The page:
What's queer at Hot Docs? A guide to everything LGBTQ at North America's biggest documentary event
There are 10 LGBTQ-themed films screening during the festival's 25th anniversary
Queeries is a weekly column by CBC Arts producer Peter Knegt that queries LGBTQ art, culture and/or identity through a personal lens.
Over the past 25 years, the Hot Docs Canadian International Documentary Festival has brought so many LGBTQ stories to Toronto screens. I vividly remember one of them being the first film I ever saw at the festival: The Cockettes. As a 17-year-old, Bill Weber and David Weissman's ultra-fabulous exploration of the gender-bending San Francisco performance group who became a 1970s phenomenon blew my mind — which is exactly what you want the best documentaries to do. And I can only imagine many minds (no matter their age) will find themselves in similar states over the next 11 days, as Hot Docs celebrates its anniversary by — among many other things — giving us another annual batch of docu-queerness. And in that regard, here's your guide!
Excuse my ignorance, but I don't know much about the band Imagine Dragons, save that they sing that song about being radioactive and that other song about being a believer. But turns out the band's singer Dan Reynolds is a devout Mormon who had a serious awakening when he found out about the suicide rates of LGBTQ youth in Mormon-heavy Utah. As documented in Don Argott's film Believer, Reynolds decided to do something about by teaming up with openly gay Mormon performer Tyler Glenn of the band Neon Trees to create a music festival designed to build bridges between the church and LGBTQ folks. Hot Docs calls it "a powerful story of standing up for what you believe in and using your voice to amplify those unheard" and I'm basically already crying. Check out screening times here.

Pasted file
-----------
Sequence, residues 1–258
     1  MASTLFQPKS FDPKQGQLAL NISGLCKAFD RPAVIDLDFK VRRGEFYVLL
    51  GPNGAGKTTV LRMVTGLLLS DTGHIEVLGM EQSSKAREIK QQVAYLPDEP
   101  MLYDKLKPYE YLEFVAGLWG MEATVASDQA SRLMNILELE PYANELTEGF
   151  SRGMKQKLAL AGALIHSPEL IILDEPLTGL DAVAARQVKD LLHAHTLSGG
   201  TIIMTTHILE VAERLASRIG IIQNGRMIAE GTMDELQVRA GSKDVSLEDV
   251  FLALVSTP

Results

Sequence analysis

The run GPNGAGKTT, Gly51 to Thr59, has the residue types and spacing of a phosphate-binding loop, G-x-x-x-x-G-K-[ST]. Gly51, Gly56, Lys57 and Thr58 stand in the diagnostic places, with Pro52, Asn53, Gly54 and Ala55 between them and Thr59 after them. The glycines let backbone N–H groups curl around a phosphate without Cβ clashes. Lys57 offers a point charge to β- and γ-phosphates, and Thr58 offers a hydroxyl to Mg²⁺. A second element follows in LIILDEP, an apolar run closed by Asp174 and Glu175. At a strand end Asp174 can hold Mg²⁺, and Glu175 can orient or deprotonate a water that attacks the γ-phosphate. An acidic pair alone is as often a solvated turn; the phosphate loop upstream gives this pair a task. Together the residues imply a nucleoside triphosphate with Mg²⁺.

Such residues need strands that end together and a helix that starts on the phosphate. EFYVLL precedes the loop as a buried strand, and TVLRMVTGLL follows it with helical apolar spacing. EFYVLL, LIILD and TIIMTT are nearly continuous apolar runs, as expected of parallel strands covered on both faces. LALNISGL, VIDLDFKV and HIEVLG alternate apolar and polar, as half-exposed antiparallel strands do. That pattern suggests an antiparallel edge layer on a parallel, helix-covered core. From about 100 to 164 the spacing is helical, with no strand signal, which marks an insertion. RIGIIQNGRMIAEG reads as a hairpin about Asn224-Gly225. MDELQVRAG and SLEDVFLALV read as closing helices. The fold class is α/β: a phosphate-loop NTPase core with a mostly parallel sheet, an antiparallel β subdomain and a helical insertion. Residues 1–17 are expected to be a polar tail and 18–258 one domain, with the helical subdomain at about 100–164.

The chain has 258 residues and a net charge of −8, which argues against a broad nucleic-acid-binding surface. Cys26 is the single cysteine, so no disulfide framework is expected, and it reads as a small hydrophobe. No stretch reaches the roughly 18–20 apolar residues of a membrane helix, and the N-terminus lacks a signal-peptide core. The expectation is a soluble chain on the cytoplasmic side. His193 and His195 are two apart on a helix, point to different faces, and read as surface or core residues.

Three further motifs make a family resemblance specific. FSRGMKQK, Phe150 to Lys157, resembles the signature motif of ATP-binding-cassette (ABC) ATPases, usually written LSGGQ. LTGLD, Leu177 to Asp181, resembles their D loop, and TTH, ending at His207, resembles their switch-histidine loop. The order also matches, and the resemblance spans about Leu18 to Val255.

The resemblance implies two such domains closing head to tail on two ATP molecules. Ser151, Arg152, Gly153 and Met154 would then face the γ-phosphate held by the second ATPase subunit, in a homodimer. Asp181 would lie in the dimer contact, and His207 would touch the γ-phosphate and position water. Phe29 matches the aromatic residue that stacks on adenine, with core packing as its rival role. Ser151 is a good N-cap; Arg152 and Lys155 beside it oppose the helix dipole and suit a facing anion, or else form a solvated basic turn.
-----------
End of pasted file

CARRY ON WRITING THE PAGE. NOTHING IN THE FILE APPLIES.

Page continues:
Filmmaker PJ Raval made one of the most affecting LGBTQ documentaries in recent memory with 2014's Before You Know It, and now he's back with Call Her Ganda. The film looks at the murder of Filipina trans woman Jennifer Laude by visiting U.S. Marine Joseph Pemberton through the eyes of three women — activist attorney Virgie Suarez, transgender investigative journalist Meredith Talusan and Jennifer's mother, Julita — who came together to demand justice for Jennifer. Hot Docs says the film "forges a profoundly humanistic geopolitical investigative exposé from personal tragedy," which, given Raval's previous film, is not hard to believe. Check out screening times here.
It's not the sequel to Love, Simon but just randomly happens to 2018's second Love, Someone-titled LGBTQ film, and an powerful-sounding one at that. The National Film Board of Canada-produced film — with music by Sigur Rós, no less — gives us the story of musician Scott Jones, who was brutally stabbed outside a nightclub in New Glasglow, N.S. because he was gay. He was left paralyzed from the waste down, and we witness his journey into a new reality of limited mobility through the lens of his friend, filmmaker Laura Marie Wayne. "Moving compassionately between their shared past and present, the conversations between the filmmaker and her subject are honest and healing," Hot Docs says, and we can only imagine they'll be transforming audiences over the festival. Check out screening times here.
A late, great fashion designer once said that "when I'm dead and gone, people will know that the 21st century was started by Alexander McQueen." Eight years after his tragic death, Ian Bonhôte and Peter Ettedgui's new film McQueen confirms just that through rare and extraordinary archival footage and intimate interviews with McQueen's inner circle that come together as — as Hot Docs notes — "an authentic celebration of the iconoclastic designer." Sure to be one of the hottest tickets at the festival, if you want to take in this story of a true queer icon, you should probably see if tickets are still available right now.